GSR, were you living there at the time of the sale? I can’t believe the prices they’re asking, and I’ll be shocked if they sell them within a year. For our North-facing, ground-floor, 640 sq ft 1-bedroom they were asking $240,000 (though we could purchase for the discounted $220,000!) It’s a ridiculous price, and yes, ours was one of the units that flooded last winter. They didn’t get the water cleaned up until nearly a week later, and all they did was shampoo the carpets. No checking for mold, even after we saw some popping up around the previously flooded areas. Ridiculous!
    I love how they describe it on that website – ample closet space, etc. Especially that waste-of-space “coat closet,” we were never able to utilize that awkward triangular shape very well. Then they’re also taking away a closet to install the washer/drier… so really you’re left with one closet. One that’s closer to a “reach-in” than “walk-in.” :(

  • Kayleigh October 9, 2007 (3:57 pm)

    I’m a little concerned about some of these apartment conversions. I mean, granite countertops are lovely, but I’d prefer that the electrical, plumbing, roofing, siding, etc. be upgraded first, ya know? Maybe that stuff was done with “Strata”, but when I was condo shopping, that wasn’t the case with some of the conversions I looked at.

    And the word “strata” makes me hungry for something with eggs and cheese.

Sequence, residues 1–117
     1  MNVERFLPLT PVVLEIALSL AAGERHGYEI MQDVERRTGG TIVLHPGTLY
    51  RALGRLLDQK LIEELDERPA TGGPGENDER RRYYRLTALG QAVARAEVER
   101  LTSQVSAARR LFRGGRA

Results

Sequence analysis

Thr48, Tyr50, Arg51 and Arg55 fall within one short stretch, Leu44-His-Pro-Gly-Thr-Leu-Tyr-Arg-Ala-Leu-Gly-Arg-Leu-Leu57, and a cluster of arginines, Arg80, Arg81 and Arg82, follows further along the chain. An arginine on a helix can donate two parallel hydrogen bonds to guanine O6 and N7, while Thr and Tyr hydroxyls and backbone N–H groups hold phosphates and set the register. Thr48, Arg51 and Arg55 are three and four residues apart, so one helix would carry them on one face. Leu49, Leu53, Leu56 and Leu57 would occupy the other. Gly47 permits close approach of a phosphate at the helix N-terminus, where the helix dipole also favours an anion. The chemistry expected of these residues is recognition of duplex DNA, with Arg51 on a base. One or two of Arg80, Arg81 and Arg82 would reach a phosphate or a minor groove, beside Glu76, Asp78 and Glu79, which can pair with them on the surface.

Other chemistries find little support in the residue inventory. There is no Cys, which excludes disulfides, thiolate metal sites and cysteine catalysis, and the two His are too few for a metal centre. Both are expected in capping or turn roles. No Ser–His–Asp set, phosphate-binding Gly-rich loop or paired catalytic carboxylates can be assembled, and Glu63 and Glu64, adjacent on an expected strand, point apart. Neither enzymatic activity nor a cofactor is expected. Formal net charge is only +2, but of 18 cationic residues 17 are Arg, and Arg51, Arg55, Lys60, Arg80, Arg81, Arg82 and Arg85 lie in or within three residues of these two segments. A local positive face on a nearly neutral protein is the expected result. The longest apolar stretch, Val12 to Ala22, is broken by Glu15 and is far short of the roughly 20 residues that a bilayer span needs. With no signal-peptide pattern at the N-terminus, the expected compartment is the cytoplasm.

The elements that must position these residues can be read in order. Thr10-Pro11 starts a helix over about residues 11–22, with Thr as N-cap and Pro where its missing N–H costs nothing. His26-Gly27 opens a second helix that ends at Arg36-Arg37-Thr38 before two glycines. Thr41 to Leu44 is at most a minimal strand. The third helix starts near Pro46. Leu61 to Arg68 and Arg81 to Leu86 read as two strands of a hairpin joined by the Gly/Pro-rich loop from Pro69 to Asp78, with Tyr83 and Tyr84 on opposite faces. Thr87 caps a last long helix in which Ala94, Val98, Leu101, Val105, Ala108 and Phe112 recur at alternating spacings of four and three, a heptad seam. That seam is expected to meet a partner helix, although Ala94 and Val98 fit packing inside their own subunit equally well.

• Sue October 9, 2007 (3:57 pm)

    A.A., yes, I was in 36, so right near you. When they first announced then for sale and gave out the offers, the first thing I did was to leave an anonymous note for the people in a nearby townhouse (34B, I think) that was gutted by fire before they moved in – along with DPD website proof that there was fire restoration. I didn’t want somebody to buy it and not know since I’m sure they wouldn’t have disclosed it since it was after management changed hands. What I find particularly amusing about West Ridge Park is how many condo conversion inspections they are failing: And why was that again that I should buy that apartment?

  • Sue October 9, 2007 (4:01 pm)

    Kayleigh, I can’t speak for Strata, but for Gables (West Ridge Park), we were told that NO plumbing or electrical work would be done and we were buying those as is (which is disconcerting, especially when our fuses kept going out and the fuse box hummed when the washer was on). They were going to do the siding and the roof (only becuase they had to), but the inspection report said that they were not going to do any structural work inside the walls, just the siding and roof. The only other work they were doing is painting, new rugs, new vinyl flooring, new kitchen cabinets and appliances, doors, and new bathroom cabinets (no replacement toilets or tub – and considering the bathtub sank when you stood in it – I assumed it was from rot underneath – I’m not surprised they’re leaving tubs, so they don’t have to fix what’s wrong underneath.) And what a lot of people don’t realize is that when you buy a conversion, the only thing they need to give you a warranty on is the new stuff they put in. So they’ll warranty the cheap wood cabinets they put in your kitchen, but they won’t warranty that you won’t fall through the floor. And considering how the floor sank in our particular unit, I figure it’s only a matter of time.